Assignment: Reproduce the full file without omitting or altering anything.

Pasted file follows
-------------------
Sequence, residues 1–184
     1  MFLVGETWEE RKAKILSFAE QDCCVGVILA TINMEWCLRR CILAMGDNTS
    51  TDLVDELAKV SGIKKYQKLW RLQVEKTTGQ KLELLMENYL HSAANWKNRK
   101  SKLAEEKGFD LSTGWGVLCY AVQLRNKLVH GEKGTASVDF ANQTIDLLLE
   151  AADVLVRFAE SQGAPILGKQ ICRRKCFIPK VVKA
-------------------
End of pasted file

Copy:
Sequence, residues 1–184
     1  MFLVGETWEE RKAKILSFAE QDCCVGVILA TINMEWCLRR CILAMGDNTS
    51  TDLVDELAKV SGIKKYQKLW RLQVEKTTGQ KLELLMENYL HSAANWKNRK
   101  SKLAEEKGFD LSTGWGVLCY AVQLRNKLVH GEKGTASVDF ANQTIDLLLE
   151  AADVLVRFAE SQGAPILGKQ ICRRKCFIPK VVKA